The student enrollment statistics for fall
2004 were released last week. Confirming what a number of
preliminary indications have shown, the number of black students is
falling. Last year, 410 black undergraduate students enrolled as
part of the freshman class. This year, even with the 9 percent
increase in freshman enrollment, the number of black students who
enrolled dropped drastically to 350.

Beth Dykstra

This does not appear to be an anomaly — since the fall of
2001 when 9 percent of the students enrolled were black, the
percentage of freshman black students enrolling has been decreasing
every year because of the decline in the percentage of blacks in
the freshman classes. Clearly this is troubling, especially after a
long legal fight to preserve diversity at the University.

The total number of new freshmen is a record high of 6,040
— almost 9 percent higher than that last year’s
freshman enrollment. Accordingly, the number of Hispanics, Native
Americans and international students have all increased
significantly. One statistic that bucks the trend though, is the
number of black students enrolled — down 15 percent compared
to last year’s black student enrollment.

One possible reason for this decline is the new application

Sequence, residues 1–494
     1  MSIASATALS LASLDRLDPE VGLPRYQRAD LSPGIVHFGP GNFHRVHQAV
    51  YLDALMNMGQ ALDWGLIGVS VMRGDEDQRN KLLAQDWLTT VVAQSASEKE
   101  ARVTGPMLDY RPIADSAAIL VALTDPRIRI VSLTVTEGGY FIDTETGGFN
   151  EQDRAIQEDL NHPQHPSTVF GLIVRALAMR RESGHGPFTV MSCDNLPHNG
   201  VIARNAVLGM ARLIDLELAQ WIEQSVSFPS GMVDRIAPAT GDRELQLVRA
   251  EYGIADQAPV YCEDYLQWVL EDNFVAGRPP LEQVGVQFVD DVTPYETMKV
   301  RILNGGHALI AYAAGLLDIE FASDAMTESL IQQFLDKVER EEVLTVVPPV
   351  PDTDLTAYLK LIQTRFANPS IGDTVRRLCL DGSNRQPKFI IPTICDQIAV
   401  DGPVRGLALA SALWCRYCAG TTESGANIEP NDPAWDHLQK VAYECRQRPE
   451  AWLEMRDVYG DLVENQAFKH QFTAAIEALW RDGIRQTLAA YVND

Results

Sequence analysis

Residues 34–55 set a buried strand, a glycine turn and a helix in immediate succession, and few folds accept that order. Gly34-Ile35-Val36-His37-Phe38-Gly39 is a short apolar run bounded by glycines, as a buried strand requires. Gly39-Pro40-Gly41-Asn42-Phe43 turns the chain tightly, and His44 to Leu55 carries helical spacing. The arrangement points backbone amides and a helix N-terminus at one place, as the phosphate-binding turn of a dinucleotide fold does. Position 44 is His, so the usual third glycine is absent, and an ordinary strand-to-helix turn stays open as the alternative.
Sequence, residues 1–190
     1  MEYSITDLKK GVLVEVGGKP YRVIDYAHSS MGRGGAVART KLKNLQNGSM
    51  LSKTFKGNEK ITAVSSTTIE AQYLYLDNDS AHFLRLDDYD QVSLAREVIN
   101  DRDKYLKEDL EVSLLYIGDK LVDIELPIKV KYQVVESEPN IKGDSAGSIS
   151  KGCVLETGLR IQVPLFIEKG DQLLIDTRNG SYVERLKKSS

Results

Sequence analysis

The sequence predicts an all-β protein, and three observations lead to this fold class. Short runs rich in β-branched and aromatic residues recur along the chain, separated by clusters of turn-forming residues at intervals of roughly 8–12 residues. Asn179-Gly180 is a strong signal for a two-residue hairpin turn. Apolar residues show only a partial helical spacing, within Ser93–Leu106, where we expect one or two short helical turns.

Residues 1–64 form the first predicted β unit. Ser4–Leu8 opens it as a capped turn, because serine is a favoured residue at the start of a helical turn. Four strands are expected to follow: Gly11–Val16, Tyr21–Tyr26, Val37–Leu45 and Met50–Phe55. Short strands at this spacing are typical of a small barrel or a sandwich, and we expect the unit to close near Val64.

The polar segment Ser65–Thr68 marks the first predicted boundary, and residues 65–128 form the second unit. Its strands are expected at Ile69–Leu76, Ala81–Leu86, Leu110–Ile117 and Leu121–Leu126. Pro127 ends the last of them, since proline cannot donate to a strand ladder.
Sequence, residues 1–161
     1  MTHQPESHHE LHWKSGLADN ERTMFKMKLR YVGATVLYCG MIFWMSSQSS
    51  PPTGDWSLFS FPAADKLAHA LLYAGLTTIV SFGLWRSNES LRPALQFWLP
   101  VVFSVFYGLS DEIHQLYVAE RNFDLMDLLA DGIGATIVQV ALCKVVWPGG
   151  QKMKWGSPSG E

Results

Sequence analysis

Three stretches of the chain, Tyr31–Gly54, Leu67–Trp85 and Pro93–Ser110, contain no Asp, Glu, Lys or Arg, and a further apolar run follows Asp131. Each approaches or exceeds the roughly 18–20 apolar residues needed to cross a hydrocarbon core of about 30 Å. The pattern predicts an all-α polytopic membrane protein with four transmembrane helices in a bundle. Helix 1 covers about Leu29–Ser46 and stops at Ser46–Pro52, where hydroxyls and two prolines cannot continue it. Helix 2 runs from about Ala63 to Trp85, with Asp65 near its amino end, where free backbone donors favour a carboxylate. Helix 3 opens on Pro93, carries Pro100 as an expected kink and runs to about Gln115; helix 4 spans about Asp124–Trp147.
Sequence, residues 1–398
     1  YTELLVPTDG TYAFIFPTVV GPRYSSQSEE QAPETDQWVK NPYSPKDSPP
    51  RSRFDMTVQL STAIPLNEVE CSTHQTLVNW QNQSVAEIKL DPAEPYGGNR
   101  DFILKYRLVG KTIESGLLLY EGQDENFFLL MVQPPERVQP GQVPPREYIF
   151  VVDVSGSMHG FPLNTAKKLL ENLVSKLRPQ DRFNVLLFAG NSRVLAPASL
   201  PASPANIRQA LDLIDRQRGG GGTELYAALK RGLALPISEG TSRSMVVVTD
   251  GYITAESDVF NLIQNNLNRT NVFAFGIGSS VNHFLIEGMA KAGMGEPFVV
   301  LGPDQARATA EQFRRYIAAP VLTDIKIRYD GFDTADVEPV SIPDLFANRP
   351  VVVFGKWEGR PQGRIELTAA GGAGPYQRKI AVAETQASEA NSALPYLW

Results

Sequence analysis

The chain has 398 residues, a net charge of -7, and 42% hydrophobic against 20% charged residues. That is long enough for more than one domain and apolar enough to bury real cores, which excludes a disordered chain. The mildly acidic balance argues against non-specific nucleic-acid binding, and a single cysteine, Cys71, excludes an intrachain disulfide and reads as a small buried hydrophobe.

process. It relies more heavily on essays, which may have
discouraged individuals from applying. Another possible explanation
is the sour economy, which has hit minorities especially hard. This
would help explain why a large number of colleges also experienced
a drop in black student enrollment this year, not just the
University.

Even ignoring the this year’s drop, the percentage of
black students at the University is not high enough. The average
percentage of black students enrolled in the last six years is
around 7.8 percent. This is in sharp contrast to the fact that 14
percent of Michigan’s population is black and the fact that
13 percent of nation’s population is black.

It appears that even with affirmative action, the percentage of
black students does not even approach the state or national
population percentage.

The University has pledged its commitment to reverse the trend.
In her State of the University address, University President Mary
Sue Coleman promised renewed recruitment efforts in minority
districts. Centers such as the William Monroe Trotter House also
help to make minorities feel welcome on campus, which is important
in order to recruit more minorities. And in this regard, the
University could make efforts to establish other such centers or
organizations.

A truly diverse student body is indeed something worth striving
for. The changeover from the old admissions system was bound to
come with some glitches, and these statistics, though not cause for
panic, should prompt swift and effective action from the
University.

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